I’ll be buying the tickets for my flight to Seattle and Kaleidoscope 14 some time tomorrow. The cut-off date on my credit card bill is today, so if I get the tickets tomorrow I won’t have to pay for them until the end of March.
When you know you have to pay it’s worth thinking about when you have to pay. It’s a principle that works in Oracle databases, too.
On the flip-side – sometimes you don’t realise that the clever thing you’ve done now is going to make someone else pay later.
To create an index on a table (with no existing indexes) Oracle has to start by doing a tablescan.
What’s the difference between the tablescan it uses for a B-tree index and the tablescan it uses for a bitmap index ? Why ?
I was going to give a hint that if you answered the “why” first that might lead you to the right idea and a test for the “what”, but we already have an answer, with a sample of proof.
It doesn’t matter which bit of Oracle technology you want to use, eventually someone, somewhere, runs into the special case where something nasty happens. Here’s an edge case for people using (index) clusters – Oracle Bug 17866999 ora-1499 for cluster following rman convert
It comes from a conversation on Oracle-L where Jack van Zanen reported a problem of inconsistent results after migrating data between platforms using rman to converts some tablespaces containing index clusters. This is the starting post where he shows a query that is clearly getting the wrong answer (select where channel_number = 503 obviously shouldn’t return data with channel_number 501).
Sitting in the lounge waiting to be called for my flight I was musing on the 12c feature of having multiple indexes defined on the same ordered column set when a thought crossed my mind and I decided to run a little test that looked like this:
create table t1 as select * from all_objects where rownum <= 10000;
create unique index t1_pk on t1(object_id);
alter table t1 add constraint t1_pk primary key(object_id);
create index t1_i1 on t1(object_id, object_name);
drop index t1_pk;
expect ORA-02429: cannot drop index used for enforcement of unique/primary key
alter table t1 modify primary key using index t1_i1;
drop index t1_pk;
For years I’ve been assuming that you really have to mess around with the PK (and any related FKs) if you want to change the index supporting the primary key – but this code demonstrates that you can add a new index to a table and “move” the primary key to it before dropping the original index.
The worrying thing about this (for me, at any rate) is that it isn’t a new feature – after testing it on 126.96.36.199 I started working backwards, and it works down to 188.8.131.52 (the earlist 9i I have access to). It doesn’t work on 184.108.40.206, and the 220.127.116.11 version behaves slightly differently from later versions because the original PK index disappears as the constraint is moved.
As I’ve often said about trust – keep an eye on the date and version of any article you read, it may no longer be true.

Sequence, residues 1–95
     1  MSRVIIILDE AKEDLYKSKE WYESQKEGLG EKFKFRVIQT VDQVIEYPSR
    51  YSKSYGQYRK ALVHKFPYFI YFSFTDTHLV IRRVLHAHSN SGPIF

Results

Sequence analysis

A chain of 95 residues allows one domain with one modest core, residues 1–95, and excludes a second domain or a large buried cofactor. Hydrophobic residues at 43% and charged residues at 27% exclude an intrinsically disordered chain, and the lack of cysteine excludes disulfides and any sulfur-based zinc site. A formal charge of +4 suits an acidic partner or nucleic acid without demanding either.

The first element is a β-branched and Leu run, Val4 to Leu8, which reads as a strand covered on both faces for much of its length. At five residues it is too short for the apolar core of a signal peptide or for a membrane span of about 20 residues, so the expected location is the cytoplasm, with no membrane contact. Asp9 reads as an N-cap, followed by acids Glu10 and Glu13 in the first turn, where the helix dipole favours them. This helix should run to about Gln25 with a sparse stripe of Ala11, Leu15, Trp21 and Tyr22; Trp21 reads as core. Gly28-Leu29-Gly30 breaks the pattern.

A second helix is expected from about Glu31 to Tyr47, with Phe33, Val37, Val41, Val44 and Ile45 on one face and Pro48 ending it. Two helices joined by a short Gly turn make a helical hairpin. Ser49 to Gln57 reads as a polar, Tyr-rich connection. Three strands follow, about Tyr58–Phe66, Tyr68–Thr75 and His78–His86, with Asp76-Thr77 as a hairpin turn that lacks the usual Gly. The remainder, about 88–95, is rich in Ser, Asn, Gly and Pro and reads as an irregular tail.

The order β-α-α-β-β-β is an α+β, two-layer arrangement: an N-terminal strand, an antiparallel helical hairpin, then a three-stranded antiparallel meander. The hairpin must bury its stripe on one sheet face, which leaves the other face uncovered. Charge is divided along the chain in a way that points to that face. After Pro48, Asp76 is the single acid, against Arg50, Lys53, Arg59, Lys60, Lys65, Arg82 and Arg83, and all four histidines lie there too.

A recent “Hot topics” email from Oracle support listed the following bug as one which had recently been updated:
17727676 OPTIMIZER HINT IGNORED WHEN USING INVISIBLE INDEXES
Since the optimizer is one of my pet topics I thought I’d take a quick look at what it said – and found this heart-warming introduction;
Hdr: 17727676 18.104.22.168.0 RDBMS 22.214.171.124.0 QRY OPTIMIZER PRODID-5 PORTID-226
Abstract: OPTIMIZER HINT IGNORED WHEN USING INVISIBLE INDEXES
*** 11/03/13 03:46 am ***
Based on a blog article from the international recognized Oracle Expert Jonathan Lewis ...
If it’s on MoS surely it’s just got to be true! (Yes, I know I’ve said the opposite in the past – but it’s definitely right some of the time)
The bug/blog in question was this one, and the problem is fixed in 12.2
I was involved in a thread on Oracle-L recently started with the question: “How many LIOs is too many LIOs”. Rather than rewrite the whole story, I’ve supplied a list of links to the contributions I made, in order – the final “answer” is actually the answer to a different question – but travels an interesting path to get there.#
I’ve got a script to emulate the requirement so that people can see for themselves the bug that I mention in post 15; I’ll try to add a couple of notes to it and publish it some time, but for the moment I’ll just remind myself that it’s called (slightly counter-intuitively: no_sort_problem.sql)
Here’s a recent request from the OTN database forum – how do you make this query go faster (tkprof output supplied):
from a, b
where A.MARK IS NULL
and a.cntry_code = b.cntry_code and b.dir_code='XX' and b.numb_type='XXX'
and upper(Trim(replace(replace(replace(replace(replace(replace(replace(a.co_name,'*'),'&'),'-'),'/'),')'),'('),' '))) like
Here’s a little detail I could do without in my database:
owner, object_type, object_name
object_name like '_'
OWNER OBJECT_TYPE OBJECT_NAME
--------------- ------------------- --------------------
APEX_030200 PROCEDURE F
PUBLIC SYNONYM F
APEX_030200 PROCEDURE G
APEX_030200 PROCEDURE P
PUBLIC SYNONYM P
APEX_030200 FUNCTION V
PUBLIC SYNONYM V
APEX_030200 PROCEDURE Z
PUBLIC SYNONYM Z
9 rows selected.
Public names like P and F for procedures or functions are just not on (unless I create them myself).
If you know anything about bitmap indexes you probably know that a single entry in a bitmap index takes the form (key_value, starting rowid, ending rowid, BBC compressed bit string). So an entry covers a single value for a column over a range of rowids in the table, and the string of bits for that (notional) range is reduce to a minimum by a compression mechanism that eliminate repeated zeros in multiples of 8.
So here’s a question – to which I don’t know the answer, although you may be surprised when you try to find it: